Under the Ladder:
A Contemporary Analysis of Maimonides' Tzedakah Levels

While creating strata of tzedakah is remarkably relevant in today's society, there are several components of Maimonides' eight-rung ladder of tzedakah that do not hold their weight in our current cultural context. In this age of institutional giving and high-tech philanthropy, the lines between categories are blurred. If a pop-up for tzedakah appears on your computer screen, does this constitute being asked to give' Have you given anonymously, asking not to be recognized, but still give your name and address along with your credit card number' Does giving money to an organization that provides job training represent the same effort as building a business partnership with someone in need' While technology presents challenges to Maimonides' categories, it is our contemporary philosophical approach to giving that brings into question the relevance of the famed ladder.

Use of Maimonides' ladder, as a measure of our philanthropic work does not succeed in our current cultural context because of the philosophical conflicts with the values of liberal Judaism. Mainly, it can be posited that current philanthropic efforts are valued for the impact they can have, not for the act of giving itself. If the impact of giving were not of primary importance to individual donor's, what could explain the trend of targeted giving and hands-on philanthropy' The difference between Maimonides' approach and the approach of many of today's donors is the purpose of the gift.

The approach that emerges from tradition that is reflected in Maimonides' priorities, displays a deontological approach - based on duty. Within deontological ethics, the motive behind an action and ethical quality of a behavior are the foci of moral evaluation. Maimonides considers how the giver feels about giving and the motives for the action. The halakic system is concerned with the act of the giver, commanding tzedakah from the individual. In philosophical terms, this perspective aligns with Immanuel Kant's methods of moral analysis. According to Kant, moral action is a response to duty, and the motive for the action determines its ethical status. Deontological theories of ethics tell us that the most important aspects of how we ought to live are governed by moral rules that should not be broken, even when breaking them might have better consequences. The converse is true as well, execution of moral acts are the basis for moral living, regardless of the consequences of such acts.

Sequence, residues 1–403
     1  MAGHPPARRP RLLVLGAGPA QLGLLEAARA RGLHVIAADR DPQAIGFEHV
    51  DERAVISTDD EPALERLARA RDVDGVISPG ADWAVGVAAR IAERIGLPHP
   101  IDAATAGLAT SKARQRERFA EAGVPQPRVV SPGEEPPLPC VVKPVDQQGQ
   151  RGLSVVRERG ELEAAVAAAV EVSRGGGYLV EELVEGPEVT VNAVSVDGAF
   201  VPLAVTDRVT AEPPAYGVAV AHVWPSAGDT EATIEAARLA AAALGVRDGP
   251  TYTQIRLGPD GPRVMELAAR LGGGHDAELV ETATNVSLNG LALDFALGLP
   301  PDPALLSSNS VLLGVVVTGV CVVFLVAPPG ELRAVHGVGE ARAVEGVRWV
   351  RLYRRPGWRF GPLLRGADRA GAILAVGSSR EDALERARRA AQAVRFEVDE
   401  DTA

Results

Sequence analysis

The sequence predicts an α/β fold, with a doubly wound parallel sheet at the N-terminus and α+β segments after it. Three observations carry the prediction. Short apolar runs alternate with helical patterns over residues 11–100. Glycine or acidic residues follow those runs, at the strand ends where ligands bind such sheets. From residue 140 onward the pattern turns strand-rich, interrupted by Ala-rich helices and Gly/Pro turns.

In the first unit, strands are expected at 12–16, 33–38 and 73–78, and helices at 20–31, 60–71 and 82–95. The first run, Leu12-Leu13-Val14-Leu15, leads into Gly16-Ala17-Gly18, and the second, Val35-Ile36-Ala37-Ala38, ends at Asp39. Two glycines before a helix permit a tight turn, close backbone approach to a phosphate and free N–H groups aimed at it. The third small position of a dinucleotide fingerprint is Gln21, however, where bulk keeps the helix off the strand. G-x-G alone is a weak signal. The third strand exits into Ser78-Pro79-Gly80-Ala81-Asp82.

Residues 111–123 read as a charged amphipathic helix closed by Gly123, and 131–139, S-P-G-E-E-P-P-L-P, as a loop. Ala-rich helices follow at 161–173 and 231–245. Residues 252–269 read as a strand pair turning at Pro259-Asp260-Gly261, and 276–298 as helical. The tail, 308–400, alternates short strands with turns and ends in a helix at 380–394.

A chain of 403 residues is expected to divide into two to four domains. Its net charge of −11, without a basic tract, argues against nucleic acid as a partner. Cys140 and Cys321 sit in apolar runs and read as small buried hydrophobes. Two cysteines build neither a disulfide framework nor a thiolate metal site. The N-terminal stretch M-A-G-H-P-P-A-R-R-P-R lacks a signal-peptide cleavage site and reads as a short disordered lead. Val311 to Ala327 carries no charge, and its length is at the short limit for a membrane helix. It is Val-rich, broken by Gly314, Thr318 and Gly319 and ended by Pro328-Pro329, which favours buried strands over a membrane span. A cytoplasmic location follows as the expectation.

The perspective of many contemporary donors aligns more closely with consequentialism than with deontology. From a consequentialist standpoint, an action is deemed moral if the outcome produced by the action is desirable. Philosopher Shelly Kagan explains,